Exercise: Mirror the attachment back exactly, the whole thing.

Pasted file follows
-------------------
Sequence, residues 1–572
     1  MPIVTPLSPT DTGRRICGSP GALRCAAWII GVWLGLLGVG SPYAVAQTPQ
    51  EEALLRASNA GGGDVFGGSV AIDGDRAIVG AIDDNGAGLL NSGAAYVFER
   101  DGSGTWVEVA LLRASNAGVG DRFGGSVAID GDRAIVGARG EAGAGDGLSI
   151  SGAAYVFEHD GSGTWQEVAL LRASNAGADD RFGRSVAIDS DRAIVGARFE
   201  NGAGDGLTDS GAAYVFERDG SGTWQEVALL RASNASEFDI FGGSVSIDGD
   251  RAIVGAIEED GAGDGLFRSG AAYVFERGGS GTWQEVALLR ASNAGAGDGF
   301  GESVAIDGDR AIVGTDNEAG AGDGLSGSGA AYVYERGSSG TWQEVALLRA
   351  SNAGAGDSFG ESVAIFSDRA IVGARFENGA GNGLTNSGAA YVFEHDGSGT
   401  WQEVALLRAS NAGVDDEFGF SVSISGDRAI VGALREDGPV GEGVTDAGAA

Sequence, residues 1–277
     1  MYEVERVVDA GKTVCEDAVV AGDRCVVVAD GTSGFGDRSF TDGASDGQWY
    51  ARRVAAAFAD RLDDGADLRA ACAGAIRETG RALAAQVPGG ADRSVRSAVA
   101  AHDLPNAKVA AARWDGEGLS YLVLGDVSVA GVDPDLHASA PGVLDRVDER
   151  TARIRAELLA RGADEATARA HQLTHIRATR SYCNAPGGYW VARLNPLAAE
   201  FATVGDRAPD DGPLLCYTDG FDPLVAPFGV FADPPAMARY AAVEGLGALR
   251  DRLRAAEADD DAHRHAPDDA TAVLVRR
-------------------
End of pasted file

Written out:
Sequence, residues 1–572
     1  MPIVTPLSPT DTGRRICGSP GALRCAAWII GVWLGLLGVG SPYAVAQTPQ
    51  EEALLRASNA GGGDVFGGSV AIDGDRAIVG AIDDNGAGLL NSGAAYVFER
   101  DGSGTWVEVA LLRASNAGVG DRFGGSVAID GDRAIVGARG EAGAGDGLSI
   151  SGAAYVFEHD GSGTWQEVAL LRASNAGADD RFGRSVAIDS DRAIVGARFE
   201  NGAGDGLTDS GAAYVFERDG SGTWQEVALL RASNASEFDI FGGSVSIDGD
   251  RAIVGAIEED GAGDGLFRSG AAYVFERGGS GTWQEVALLR ASNAGAGDGF
   301  GESVAIDGDR AIVGTDNEAG AGDGLSGSGA AYVYERGSSG TWQEVALLRA
   351  SNAGAGDSFG ESVAIFSDRA IVGARFENGA GNGLTNSGAA YVFEHDGSGT
   401  WQEVALLRAS NAGVDDEFGF SVSISGDRAI VGALREDGPV GEGVTDAGAA

Sequence, residues 1–277
     1  MYEVERVVDA GKTVCEDAVV AGDRCVVVAD GTSGFGDRSF TDGASDGQWY
    51  ARRVAAAFAD RLDDGADLRA ACAGAIRETG RALAAQVPGG ADRSVRSAVA
   101  AHDLPNAKVA AARWDGEGLS YLVLGDVSVA GVDPDLHASA PGVLDRVDER
   151  TARIRAELLA RGADEATARA HQLTHIRATR SYCNAPGGYW VARLNPLAAE
   201  FATVGDRAPD DGPLLCYTDG FDPLVAPFGV FADPPAMARY AAVEGLGALR
   251  DRLRAAEADD DAHRHAPDDA TAVLVRR